In one of its first actions, the new Colorado Springs City Council yesterday shelved an expansion of a solar energy program. And, as KRCC’s Liz Ruskin reports, a new practice by Council President Keith King signaled what the outcome would be.
The former council voted two weeks ago to expand the city’s community solar gardens, a Utilities program that subsidizes solar development and would have eventually added some 24 cents to the average household’s monthly bill. Councilwoman Jan Martin says it took months to work out the terms, and she agrees with solar advocates who say it would’ve created jobs.
"It’s a little frustrating and difficult to think that within one meeting that the new council has the knowledge to even consider overturning this at this point."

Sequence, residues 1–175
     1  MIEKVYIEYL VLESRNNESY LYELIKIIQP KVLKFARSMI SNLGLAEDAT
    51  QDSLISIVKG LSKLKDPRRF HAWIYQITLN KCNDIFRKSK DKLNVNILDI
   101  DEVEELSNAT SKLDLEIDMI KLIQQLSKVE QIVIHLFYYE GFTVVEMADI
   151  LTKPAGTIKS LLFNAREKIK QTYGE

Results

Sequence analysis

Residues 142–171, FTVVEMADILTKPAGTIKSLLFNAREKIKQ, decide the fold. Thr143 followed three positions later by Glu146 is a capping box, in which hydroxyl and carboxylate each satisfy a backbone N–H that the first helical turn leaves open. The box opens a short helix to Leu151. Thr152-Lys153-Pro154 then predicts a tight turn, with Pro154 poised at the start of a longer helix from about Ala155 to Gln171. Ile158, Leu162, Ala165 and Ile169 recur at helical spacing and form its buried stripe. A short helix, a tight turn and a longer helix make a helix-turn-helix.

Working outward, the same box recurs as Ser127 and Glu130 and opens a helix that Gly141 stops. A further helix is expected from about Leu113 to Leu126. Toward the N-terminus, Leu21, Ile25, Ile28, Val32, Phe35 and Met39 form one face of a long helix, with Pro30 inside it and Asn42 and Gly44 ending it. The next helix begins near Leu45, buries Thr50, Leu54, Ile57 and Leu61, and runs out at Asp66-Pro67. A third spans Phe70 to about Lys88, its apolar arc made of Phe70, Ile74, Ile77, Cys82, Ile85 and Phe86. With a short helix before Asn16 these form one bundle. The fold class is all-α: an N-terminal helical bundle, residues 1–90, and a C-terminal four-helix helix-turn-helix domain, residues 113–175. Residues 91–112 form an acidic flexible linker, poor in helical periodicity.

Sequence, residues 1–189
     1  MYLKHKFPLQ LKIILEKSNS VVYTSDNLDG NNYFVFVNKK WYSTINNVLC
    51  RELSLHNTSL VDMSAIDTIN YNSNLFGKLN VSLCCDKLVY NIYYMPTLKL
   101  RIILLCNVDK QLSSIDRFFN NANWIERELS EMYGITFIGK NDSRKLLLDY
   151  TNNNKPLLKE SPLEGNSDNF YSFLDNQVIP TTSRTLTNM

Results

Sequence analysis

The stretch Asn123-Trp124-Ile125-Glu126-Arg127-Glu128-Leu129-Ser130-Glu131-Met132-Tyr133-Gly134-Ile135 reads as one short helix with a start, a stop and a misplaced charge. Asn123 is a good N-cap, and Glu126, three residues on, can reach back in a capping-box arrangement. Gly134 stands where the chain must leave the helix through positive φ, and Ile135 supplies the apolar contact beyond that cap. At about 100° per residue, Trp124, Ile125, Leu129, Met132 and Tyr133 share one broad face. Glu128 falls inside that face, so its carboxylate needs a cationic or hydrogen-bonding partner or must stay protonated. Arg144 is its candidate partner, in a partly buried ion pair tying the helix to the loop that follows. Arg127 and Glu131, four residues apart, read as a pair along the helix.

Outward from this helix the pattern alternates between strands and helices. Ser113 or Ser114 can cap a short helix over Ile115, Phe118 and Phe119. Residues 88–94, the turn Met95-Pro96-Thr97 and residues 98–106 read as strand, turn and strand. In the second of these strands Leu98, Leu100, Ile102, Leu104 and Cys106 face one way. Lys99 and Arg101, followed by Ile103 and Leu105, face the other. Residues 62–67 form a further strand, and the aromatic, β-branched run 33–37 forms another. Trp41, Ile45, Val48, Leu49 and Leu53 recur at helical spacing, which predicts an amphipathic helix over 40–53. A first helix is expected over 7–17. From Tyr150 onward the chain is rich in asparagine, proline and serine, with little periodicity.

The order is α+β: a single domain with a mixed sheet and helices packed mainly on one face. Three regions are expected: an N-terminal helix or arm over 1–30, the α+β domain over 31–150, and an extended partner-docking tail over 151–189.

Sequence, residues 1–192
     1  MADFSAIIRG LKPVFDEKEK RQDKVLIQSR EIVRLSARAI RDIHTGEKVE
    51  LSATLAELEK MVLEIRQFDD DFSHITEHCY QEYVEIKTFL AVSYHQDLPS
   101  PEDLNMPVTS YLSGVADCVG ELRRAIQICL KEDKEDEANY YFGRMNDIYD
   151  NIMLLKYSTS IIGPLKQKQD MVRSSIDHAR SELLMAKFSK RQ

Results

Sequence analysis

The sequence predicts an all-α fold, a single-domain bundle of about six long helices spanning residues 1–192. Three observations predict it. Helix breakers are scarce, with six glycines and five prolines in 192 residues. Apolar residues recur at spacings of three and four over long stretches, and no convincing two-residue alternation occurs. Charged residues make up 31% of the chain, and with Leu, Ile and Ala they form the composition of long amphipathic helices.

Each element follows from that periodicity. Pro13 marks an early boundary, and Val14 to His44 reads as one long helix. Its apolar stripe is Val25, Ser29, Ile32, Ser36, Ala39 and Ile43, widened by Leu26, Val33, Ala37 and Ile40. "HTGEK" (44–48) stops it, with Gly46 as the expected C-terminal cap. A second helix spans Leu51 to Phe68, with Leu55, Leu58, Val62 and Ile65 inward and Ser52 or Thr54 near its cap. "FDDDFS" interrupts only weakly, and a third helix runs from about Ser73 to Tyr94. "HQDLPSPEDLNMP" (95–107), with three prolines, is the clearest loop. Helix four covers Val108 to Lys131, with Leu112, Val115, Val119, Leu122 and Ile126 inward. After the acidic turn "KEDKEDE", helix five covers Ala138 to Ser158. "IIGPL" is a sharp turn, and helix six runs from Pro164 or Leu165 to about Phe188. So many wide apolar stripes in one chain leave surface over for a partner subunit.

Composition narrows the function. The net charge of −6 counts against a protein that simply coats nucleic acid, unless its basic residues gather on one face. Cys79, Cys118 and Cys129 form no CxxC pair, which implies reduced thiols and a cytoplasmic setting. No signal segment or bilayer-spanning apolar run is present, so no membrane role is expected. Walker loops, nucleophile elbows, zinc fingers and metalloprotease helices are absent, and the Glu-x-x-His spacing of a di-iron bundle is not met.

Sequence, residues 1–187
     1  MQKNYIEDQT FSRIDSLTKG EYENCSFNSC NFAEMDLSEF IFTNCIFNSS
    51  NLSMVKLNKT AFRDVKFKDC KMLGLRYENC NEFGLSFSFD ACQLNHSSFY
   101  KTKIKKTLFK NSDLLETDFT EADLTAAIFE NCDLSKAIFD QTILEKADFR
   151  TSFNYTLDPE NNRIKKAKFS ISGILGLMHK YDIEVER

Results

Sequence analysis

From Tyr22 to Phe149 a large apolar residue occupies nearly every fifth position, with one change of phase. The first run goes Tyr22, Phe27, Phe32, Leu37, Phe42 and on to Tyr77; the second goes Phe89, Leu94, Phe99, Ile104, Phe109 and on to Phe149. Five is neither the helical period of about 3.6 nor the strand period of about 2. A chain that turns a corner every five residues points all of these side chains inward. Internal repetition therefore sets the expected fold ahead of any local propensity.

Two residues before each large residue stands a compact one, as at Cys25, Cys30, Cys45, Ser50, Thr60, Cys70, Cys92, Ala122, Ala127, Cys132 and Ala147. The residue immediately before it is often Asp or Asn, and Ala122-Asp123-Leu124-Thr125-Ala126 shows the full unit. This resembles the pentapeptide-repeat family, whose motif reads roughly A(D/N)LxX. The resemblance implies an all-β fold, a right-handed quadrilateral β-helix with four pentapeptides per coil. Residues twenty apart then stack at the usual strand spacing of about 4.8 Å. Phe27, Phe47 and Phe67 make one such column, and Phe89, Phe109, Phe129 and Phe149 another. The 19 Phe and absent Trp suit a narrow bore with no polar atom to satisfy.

King and other new council members object to the cost of the solar subsidy: an estimated $22 million, over 20 years. King says it would hurt large industrial customers.
"It’s very critical that we have an opportunity to create primary jobs in this community. We have an opportunity to be able to have an opportunity for us to say we’re open for business for all types of industry, and if we start raising our rates I think we lose that opportunity to do so."
Before the meeting, King says he spoke to each councilmember about the solar reversal and got seven of the nine to agree to call themselves sponsors. That’s a process borrowed from his days in the state Legislature, and King says it’ll encourage collaboration among Council members. Martin and Councilman Val Snider say it makes it look like the votes are in from the start.
King, though, says sponsorship doesn’t equal votes. Council voted 5-to-4 to derail the project. That delays consideration of the expansion until at least August and, advocates say, effectively kills it.